YA Weekend: The Cold is in Her Bones by Peternelle van Arsdale
I received a review copy from the publisher. This does not affect the contents of my review and all opinions are my own.
Mogsy’s Rating: 3 of 5 stars
Genre: Fantasy, Young Adult
Series: Stand Alone
Publisher: Margaret K. McElderry Books (January 22, 2019)
Length: 288 pages
You’d think the snakes on the cover would have clued me in, but the truth is, I didn’t find out that The Cold is in Her Bones was supposed to be inspired by the myth of Medusa until the day I started it. And in some ways, I wish I had remained blissfully unaware. For you see, knowing leads to expectations—expectations that weren’t quite met. It wasn’t the story or the characters that put me off, exactly; it was the fact that this book was trying to be more than it was.
Our protagonist is Milla, who has spent her entire life on her family’s farm, never once setting foot off the property. Her whole world consists of only the five people she has ever known: her mother Gitta, her father Jakob, her older brother Niklas, and an elderly couple her parents had hired to help on the farm, Stig and Trude. To say she was an overprotected and sheltered child is an understatement, but there is a reason why Milla has been forbidden to ever travel to the village or come in contact with other people—especially with other young women. It is a dark secret her parents have kept from her since the day she was born, though Milla has always suspected something was amiss by the disappointed looks Jakob gives her, or the fear in Gitta’s eyes whenever they settle upon her only daughter.
Then one day, everything changes when it is announced that the farm will be getting a new visitor. Niklas will soon come of marrying age, and it is everyone’s hope that he and Stig and Trude’s granddaughter will hit it off. And so arrives Iris, a beautiful and vivacious girl from the village. But instead of feeling resentful towards the newcomer—who is sophisticated and worldly—our protagonist finds herself completely awed by Iris, happy that she finally has a friend.
But then Iris begins to change. She confesses something that Milla has long feared to be the case: that their village is cursed, and that the demons her parents have always warned her about are real. And now, whatever that has been possessing the village’s young women at random has gotten its hooks in Iris too. Devastated as she is, however, Milla becomes too distracted to confront an even greater and more alarming problem—that she herself is beginning to change. First, there came the voices, and then, the tiny emerald-green snake that had mysteriously sprouted from her head…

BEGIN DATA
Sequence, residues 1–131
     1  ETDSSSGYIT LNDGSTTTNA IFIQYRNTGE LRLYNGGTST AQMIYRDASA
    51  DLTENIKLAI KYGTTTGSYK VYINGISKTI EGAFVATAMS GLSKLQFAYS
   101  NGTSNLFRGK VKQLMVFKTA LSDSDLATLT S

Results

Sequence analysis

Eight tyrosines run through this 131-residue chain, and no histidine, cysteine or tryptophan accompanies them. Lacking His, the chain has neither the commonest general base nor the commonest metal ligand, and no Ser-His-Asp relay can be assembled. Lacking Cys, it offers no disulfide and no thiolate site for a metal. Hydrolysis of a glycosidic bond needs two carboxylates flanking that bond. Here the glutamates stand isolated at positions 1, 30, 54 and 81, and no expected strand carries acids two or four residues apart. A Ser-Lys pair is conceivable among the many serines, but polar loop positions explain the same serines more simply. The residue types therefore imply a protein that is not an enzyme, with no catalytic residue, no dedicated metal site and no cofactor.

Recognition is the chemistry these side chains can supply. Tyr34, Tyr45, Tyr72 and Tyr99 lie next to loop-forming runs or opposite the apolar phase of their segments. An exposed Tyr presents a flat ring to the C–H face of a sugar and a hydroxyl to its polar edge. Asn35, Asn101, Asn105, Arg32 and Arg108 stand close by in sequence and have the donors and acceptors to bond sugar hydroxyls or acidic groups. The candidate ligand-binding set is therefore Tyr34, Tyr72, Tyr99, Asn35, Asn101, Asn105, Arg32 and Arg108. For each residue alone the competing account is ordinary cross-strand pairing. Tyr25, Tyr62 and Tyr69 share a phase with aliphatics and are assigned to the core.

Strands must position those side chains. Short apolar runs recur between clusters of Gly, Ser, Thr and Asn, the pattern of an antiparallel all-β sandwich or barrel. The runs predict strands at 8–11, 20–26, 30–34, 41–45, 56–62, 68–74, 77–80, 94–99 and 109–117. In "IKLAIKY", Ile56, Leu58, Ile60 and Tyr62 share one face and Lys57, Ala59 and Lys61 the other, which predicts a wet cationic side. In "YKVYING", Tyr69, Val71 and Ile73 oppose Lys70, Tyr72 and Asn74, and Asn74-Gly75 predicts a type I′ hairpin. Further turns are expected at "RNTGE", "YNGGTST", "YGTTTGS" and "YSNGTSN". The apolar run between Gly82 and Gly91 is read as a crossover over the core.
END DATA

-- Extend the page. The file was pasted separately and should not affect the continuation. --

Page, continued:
If you think this synopsis sounds awesome, that’s because it is. But man, the execution was kind of a mess. For one thing, it is hard not to feel like I’ve been oversold a bill of goods, because aside from the allusions cast by the snakes in Milla’s hair, there really isn’t much else to do with Medusa, which was disappointing considering how the story of Perseus slaying the Gorgon is one of my favorite tales from classical Greek mythology. In truth, there really isn’t much to set this novel apart from a host of other YA fiction claiming to be about female friendships and selling a message of young women standing up against society’s expectations. While it’s great that we have stories like this, I can’t pretend this one is in any way a standout among a sea of similarly themed books.
One reason for this is Milla, who, as a protagonist, was kind of bland. It’s also one thing to have a completely naïve main character (because given Milla’s upbringing in this case, the characterization fits), but simply quite another to portray her as being so stupid as to ignore all evidence in front of her that taking certain actions would be a bad idea. As a reader, few things are more frustrating than watching a character run headlong into a disaster of her own making, not to mention how Milla appeared to lack conviction in anything, constantly doubting herself and changing her opinions on a dime.
It also didn’t help that I found the writing to be overly simplistic, a style which sometimes works well for fairy tale retellings but doesn’t always lend itself to in-depth character development or world-building. All the relationships depicted were flat, from Milla’s supposed close bond with her brother to the much-vaunted friendship between her and Iris, which really didn’t feel all that special, no matter how many times the writing tried awkwardly to shove it in my face. Perhaps if the book had been longer, these relationships could have been better explored, but I just didn’t feel there was enough time for the author to accomplish everything she wanted.
So all in all, I thought this was okay—nothing to write home about, but certainly enjoyable enough and satisfying in that it provided a decent few hours of entertainment. I might even have appreciated it more had my expectations for the book not been so high right before I started, so provided that you approach this with a realistic mindset, this could turn out to be a good read.